It's hard to imagine a piece of equipment that works harder in tougher conditions than a pavement mill. These tireless machines grind away all day long under load, at times removing more than a foot of asphalt as they trudge ever forward. In the process, they're generating debilitating heat and abrasive silicon dust, all potential roadblocks to performance and productivity.
So how does one maintain a machine that cost anywhere from $300,000 or more for intermediate models to upwards of $500,000 and beyond for high-production models? How does a pavement contractor optimize its performance so a project stays on schedule? The answers lie within a rigorous preventive maintenance program and daily inspections.
"We recommend that contractors clean, lubricate, and inspect their machines at the end of every day," says John Hood, manager of product development and sales for Bomag Americas paving products located in Kewanee, IL. Bomag manufactures five pavement milling machines on 300- and 600-hp platforms. The 300-hp platform features models with 24-, 40-, and 48-inch drums.
Hood notes that by completing daily maintenance at day's end, most any repair issue discovered during inspection can be rectified prior to starting the project the next morning. The evening maintenance regimen, he adds, should begin with a thorough washing – with special attention given to the cutter drum and both the top and bottom conveyors. "The drum works like a garden tiller, except instead of cutting through soil it is cutting through asphalt," Hood says. "Maintenance personnel should check the cutting tools to make sure that none are broken and that they're wearing evenly and then inspect the spray bars to make sure the tips are not plugged. The spray bars both lubricate and cool the tools and if they're plugged, operators will likely burn up cutting tools."
After pressure washing the conveyors, he advises contractors to slowly turn the belts to inspect them for tears or other imperfections. "It takes anywhere from four to six hours to replace a belt," he adds. "Again, contractors would rather take the time to make the repairs at the end of the day rather than be forced to replace the belts when they should be milling."
Lubricating up to 30 grease points follows a complete wash-down and visual inspection of the machine and provides an opportunity to check all seals and bearings for leaks and possible failure. Tracks should also be inspected to ensure that pads are in place, and then adjusted once a week. This, of course, is above and beyond checking the oil and following the manufacturer's recommendation for cleaning and changing filters, Hood emphasizes.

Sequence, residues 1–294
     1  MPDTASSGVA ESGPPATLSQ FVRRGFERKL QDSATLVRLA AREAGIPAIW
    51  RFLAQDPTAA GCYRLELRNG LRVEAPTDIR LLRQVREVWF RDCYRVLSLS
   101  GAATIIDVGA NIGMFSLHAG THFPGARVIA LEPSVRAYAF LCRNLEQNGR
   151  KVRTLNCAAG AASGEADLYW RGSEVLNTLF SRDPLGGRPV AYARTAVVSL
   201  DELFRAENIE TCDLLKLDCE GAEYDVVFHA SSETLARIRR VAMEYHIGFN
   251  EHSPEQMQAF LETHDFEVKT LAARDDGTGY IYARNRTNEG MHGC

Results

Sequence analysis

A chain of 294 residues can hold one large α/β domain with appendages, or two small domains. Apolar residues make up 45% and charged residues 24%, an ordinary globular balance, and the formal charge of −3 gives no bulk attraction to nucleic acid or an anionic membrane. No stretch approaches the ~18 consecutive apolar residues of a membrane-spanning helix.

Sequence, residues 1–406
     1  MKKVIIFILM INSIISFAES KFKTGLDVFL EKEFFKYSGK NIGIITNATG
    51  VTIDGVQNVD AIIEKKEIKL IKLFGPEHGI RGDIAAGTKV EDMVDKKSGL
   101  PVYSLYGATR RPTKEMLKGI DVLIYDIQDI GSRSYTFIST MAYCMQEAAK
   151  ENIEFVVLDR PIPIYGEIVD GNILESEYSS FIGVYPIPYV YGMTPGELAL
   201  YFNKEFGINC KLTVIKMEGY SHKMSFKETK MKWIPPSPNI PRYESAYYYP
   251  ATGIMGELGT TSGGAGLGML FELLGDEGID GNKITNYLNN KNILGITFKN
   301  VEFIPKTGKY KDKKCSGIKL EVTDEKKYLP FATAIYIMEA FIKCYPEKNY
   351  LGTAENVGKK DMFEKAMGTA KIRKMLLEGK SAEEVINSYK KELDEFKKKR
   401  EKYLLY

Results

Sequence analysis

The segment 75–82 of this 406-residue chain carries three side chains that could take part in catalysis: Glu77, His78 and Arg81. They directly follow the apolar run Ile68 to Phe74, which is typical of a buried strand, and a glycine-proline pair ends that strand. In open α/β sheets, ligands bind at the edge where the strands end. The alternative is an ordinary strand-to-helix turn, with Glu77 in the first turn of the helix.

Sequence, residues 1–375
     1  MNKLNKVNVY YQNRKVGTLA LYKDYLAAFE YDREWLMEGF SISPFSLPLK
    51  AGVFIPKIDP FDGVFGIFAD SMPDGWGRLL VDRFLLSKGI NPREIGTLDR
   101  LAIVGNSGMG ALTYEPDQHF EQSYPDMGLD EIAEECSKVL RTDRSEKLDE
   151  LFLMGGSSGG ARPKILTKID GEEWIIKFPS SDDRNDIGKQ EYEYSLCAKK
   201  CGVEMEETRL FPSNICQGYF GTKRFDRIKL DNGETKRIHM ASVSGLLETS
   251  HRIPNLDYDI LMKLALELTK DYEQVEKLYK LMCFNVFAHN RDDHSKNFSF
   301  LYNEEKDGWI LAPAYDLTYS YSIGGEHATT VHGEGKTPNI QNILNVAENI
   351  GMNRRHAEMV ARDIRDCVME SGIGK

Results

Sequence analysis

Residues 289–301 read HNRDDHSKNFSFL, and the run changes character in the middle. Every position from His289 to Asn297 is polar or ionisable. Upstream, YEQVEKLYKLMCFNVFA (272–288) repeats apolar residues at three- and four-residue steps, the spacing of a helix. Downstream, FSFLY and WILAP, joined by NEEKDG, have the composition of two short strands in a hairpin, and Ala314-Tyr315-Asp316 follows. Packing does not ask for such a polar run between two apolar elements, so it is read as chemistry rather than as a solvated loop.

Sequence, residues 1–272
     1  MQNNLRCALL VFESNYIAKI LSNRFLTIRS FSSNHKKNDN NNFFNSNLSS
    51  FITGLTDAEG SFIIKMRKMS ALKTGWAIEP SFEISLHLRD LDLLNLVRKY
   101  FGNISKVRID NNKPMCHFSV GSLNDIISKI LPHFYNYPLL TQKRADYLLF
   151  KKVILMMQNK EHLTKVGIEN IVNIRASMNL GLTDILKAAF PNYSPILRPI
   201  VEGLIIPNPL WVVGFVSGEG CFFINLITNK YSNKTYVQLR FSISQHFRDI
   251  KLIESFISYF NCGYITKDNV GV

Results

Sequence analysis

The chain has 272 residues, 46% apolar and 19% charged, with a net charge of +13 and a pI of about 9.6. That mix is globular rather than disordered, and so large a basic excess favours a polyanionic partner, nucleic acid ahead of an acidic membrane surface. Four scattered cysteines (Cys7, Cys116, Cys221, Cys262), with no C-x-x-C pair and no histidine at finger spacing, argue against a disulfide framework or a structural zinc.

"Pavement milling machines are very simple to run, but hard to maintain," he adds. "A pavement contractor can invest $350,000 for our 4-foot commercial mill and rental rates can vary from $3,500 a day to upwards of $5,000. These machines get tough jobs done in a hurry, but they need daily maintenance to ensure top performance."
The heart of the machine
"There's no question that the number one maintenance item on any size pavement milling machine is the cutter drum, says Jeff Wiley, vice president of sales and marketing for Wirtgen America Inc., Nashville. "Giving the cutter drum and its tools a spot check throughout the day and during the daily maintenance regimen is paramount to keeping the milling machine in top performance. Improperly maintained drums may also cause excessive vibration and machine wear."
Wirtgen manufactures 17 pavement mill models that range in drum size from 14 inches wide on the cut to 14.6 feet. Wiley explains that the company's 4-foot drum has 115 cutting tools that on average will last anywhere from one to three days depending on the application. The tools have a carbide tip and steel body that absorbs the shock, and are secured in a holder that allows them to rotate to wear evenly and retain their sharpness. "Tools should be checked at the end of the day, after the drum has been washed, and replaced if one breaks during the milling operation," he says. "If one breaks while milling, operators will notice a white line or high ridge in the pattern of the cut," adding that this is just one reason to be observant during the milling operation.